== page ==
by Rachel Jenkins, Senior Content Strategist | New Directions + Tridiuum
View more resources for Suicide Prevention & Awareness Month 2022
Though suicide tends to garner less media attention than homicide, it consistently accounts for most gun deaths in the U.S. This is nothing new—it’s a fact that has held true since at least 1981. In 2020, suicides made up more than half of U.S. gun deaths in the U.S., which nearly set a record high. Suicide Awareness Month in September is an appropriate time to examine the dangerous relationship between suicidal individuals and access to firearms, and recognizing just how significant the impact a gun has on a suicide attempt ending in death.
Youth Suicide & Access to Guns
Suicide is the third leading cause of death for young Americans (ages 10–24), which increased by 53% between 2011 and 2020. Young men are at a higher risk, representing nine out of 10 firearm suicide victims. Risk also varies among ethnicities, so likelihood of suicide requires a diverse cultural understanding. Certain ethnicities’ baseline higher risk for suicide has been shown to worsen when they have access to firearms. Among youth, the highest suicide by firearm rate is among American Indian/Alaska Native, white and Black populations.
“As students continue to navigate changes in school learning environments [due to COVID-19 and other factors]…there is concern that the anxiety and loneliness already felt by many young people will continue to increase. This comes at the same time as an unprecedented surge in gun sales in the U.S., raising concern about the already growing rates of firearm suicide,” reports Everytown for Gun Safety.
Lethal Nature of Guns
Much of what makes guns so dangerous to individuals following through with suicide is the speed at which a firearm can take a life. In fact, most people who attempt suicide do not die unless they use a gun. Ninety percent of suicide attempts with a gun end in death, while other methods do so only 4% of the time. Pulling a trigger leaves little time to reconsider and low chance for survival.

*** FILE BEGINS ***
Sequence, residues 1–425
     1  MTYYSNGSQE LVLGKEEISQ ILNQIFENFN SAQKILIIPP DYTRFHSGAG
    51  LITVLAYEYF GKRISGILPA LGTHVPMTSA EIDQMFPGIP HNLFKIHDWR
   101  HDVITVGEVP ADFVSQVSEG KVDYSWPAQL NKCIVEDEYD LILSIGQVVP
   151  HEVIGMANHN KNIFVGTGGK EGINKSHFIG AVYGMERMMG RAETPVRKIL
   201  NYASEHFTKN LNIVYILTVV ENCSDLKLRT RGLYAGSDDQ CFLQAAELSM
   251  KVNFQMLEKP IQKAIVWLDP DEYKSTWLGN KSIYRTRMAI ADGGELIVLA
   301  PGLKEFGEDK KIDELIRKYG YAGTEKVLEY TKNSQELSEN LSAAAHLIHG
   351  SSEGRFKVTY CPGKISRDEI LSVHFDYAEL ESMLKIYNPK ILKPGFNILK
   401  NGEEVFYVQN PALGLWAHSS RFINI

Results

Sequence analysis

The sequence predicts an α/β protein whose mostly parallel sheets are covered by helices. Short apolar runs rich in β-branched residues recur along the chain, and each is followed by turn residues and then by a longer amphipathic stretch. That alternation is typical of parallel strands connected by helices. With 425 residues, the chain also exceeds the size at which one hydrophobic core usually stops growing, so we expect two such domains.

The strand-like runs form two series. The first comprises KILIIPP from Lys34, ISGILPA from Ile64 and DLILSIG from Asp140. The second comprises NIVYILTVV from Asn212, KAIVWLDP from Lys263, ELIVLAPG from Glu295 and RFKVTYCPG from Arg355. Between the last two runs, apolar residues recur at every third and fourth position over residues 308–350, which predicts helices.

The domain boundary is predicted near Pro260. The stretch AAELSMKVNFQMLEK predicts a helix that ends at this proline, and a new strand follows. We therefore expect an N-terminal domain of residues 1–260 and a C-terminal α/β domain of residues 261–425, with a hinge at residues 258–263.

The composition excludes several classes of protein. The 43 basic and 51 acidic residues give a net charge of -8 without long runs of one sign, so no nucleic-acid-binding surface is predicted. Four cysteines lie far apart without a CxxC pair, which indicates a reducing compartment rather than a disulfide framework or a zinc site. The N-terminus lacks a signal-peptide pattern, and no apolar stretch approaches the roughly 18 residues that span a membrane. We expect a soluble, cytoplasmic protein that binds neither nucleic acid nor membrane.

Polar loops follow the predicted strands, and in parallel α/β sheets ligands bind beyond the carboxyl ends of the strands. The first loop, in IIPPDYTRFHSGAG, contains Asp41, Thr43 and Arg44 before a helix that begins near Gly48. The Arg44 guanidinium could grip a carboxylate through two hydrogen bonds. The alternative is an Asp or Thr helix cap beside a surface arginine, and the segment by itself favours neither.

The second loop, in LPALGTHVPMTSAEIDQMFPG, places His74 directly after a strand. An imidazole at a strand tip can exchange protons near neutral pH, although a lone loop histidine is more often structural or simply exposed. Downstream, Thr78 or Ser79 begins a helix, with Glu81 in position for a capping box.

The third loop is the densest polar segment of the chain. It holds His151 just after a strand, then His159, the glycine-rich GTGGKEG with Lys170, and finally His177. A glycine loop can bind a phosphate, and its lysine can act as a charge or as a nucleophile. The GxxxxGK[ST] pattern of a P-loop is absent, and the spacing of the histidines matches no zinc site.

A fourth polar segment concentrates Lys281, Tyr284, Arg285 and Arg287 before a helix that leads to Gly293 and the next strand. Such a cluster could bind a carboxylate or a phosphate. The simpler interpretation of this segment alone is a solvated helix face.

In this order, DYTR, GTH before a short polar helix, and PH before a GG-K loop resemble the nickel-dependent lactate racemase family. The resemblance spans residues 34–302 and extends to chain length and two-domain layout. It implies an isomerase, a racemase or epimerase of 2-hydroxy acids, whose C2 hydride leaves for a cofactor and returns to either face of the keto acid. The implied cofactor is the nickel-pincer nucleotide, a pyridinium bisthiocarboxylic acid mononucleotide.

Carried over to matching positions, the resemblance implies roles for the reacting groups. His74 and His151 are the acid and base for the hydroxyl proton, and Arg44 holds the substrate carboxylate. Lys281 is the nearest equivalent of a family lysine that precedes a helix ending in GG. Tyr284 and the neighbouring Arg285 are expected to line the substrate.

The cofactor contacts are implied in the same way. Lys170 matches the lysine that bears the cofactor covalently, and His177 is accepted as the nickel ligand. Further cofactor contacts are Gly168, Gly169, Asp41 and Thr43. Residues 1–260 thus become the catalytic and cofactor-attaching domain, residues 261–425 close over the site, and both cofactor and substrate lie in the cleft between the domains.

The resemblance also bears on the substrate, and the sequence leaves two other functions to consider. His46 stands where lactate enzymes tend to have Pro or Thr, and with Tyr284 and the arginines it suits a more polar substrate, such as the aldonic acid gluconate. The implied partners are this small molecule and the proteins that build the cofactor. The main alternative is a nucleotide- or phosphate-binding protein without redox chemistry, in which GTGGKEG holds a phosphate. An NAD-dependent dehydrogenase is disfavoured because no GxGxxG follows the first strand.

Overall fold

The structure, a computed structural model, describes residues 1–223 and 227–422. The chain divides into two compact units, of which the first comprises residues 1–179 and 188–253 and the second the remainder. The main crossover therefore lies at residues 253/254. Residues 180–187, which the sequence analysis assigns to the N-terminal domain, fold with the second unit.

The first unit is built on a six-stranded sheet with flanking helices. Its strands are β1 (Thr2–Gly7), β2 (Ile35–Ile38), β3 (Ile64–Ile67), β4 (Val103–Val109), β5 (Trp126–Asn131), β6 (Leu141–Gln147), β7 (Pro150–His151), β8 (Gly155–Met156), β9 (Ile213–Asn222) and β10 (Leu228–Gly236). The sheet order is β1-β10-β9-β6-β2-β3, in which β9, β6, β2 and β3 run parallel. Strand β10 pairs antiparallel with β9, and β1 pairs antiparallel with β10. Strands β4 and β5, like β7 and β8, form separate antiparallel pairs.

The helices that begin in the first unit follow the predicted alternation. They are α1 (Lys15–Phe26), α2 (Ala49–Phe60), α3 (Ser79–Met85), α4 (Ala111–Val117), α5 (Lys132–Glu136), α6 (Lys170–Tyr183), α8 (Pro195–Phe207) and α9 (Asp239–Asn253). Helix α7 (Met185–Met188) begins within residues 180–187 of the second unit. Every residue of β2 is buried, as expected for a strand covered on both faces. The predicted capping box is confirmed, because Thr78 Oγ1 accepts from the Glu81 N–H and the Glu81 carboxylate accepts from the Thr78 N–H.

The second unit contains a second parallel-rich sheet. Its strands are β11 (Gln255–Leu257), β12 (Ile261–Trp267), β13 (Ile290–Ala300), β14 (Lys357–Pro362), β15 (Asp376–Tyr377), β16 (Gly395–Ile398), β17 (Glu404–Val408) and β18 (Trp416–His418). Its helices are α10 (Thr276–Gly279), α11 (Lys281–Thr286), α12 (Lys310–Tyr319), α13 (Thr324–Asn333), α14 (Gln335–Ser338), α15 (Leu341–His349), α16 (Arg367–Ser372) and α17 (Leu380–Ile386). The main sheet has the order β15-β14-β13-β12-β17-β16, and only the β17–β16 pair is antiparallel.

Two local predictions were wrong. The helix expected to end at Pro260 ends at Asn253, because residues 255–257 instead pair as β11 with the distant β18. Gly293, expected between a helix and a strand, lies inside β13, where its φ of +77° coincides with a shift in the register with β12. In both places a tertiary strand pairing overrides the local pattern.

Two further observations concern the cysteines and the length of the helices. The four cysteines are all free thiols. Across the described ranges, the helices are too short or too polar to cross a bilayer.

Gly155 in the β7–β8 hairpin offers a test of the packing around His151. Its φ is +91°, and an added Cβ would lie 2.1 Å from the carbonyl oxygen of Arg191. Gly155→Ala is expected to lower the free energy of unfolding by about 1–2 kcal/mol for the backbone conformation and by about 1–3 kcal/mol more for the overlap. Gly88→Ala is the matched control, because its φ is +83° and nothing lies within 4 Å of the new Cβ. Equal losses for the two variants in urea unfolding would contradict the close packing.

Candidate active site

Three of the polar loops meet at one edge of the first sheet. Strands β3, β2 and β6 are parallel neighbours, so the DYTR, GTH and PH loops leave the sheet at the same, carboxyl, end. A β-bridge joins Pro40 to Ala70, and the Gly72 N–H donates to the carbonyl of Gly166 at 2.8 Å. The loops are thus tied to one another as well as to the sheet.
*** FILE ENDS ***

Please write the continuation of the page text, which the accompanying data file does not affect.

Suicide & Gun Owners
According to Everytown Research, there are three factors that increase suicide risk: current life stressors, historical risk factors and lethal means of harm. This last factor is significant. Simply having access to a powerful weapon leads to a higher risk that a suicidal individual will use it and not survive an attempt on their life.
“It’s not that gun owners are more suicidal. It’s that they’re more likely to die in the event that they become suicidal, because they are using a gun,” said Catherine Barber, director of a Harvard Injury Control Research Center (HICRC) suicide prevention campaign.
The simplest method of suicide prevention is recognizing red flags and acting swiftly to get the person to crisis resources. Most of us are familiar with warning signs like vocalizations of self-harm or hopelessness, a history of mental illness and withdrawal from friends and family, but suicidal individuals may also display a sudden and misleading boost in mood. Loved ones should know that any drastic change in demeanor can point to underlying issues in those with existing mental illness and should be acutely aware of comments regarding firearms or the individual’s access to weapons in this state.
The behavioral healthcare community must support continued research into the segments of society most at risk for suicide and gun access, particularly youth. Critically, studies have shown that limiting access to guns in any population reduces the likelihood of a suicide attempt being actualized. Gun owners should take seriously the risks that access to weapons pose for those who suffer with suicidal ideation. It is crucial that any firearms kept at home, especially in a residence with young people, are stored safely, securely and unloaded. Third-party storage options are also available and should be considered for increased safety. Understanding suicidal ideation and limiting access to lethal firearms in the home is critical to facing this upsetting truth confronting our country.
National Suicide Prevention Lifeline: Dial 988 or 800-273-8255